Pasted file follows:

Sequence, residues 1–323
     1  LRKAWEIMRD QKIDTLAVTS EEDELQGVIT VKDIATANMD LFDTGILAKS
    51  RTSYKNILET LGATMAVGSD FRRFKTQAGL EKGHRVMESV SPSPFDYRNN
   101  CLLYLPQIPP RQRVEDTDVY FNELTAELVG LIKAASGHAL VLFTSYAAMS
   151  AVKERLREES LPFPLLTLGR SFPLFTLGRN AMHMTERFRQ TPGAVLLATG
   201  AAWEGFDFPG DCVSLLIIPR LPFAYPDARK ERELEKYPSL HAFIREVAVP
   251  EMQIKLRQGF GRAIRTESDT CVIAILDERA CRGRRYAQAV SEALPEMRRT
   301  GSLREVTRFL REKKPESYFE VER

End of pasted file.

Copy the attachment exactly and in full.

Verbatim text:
Sequence, residues 1–323
     1  LRKAWEIMRD QKIDTLAVTS EEDELQGVIT VKDIATANMD LFDTGILAKS
    51  RTSYKNILET LGATMAVGSD FRRFKTQAGL EKGHRVMESV SPSPFDYRNN
   101  CLLYLPQIPP RQRVEDTDVY FNELTAELVG LIKAASGHAL VLFTSYAAMS
   151  AVKERLREES LPFPLLTLGR SFPLFTLGRN AMHMTERFRQ TPGAVLLATG
   201  AAWEGFDFPG DCVSLLIIPR LPFAYPDARK ERELEKYPSL HAFIREVAVP
   251  EMQIKLRQGF GRAIRTESDT CVIAILDERA CRGRRYAQAV SEALPEMRRT
   301  GSLREVTRFL REKKPESYFE VER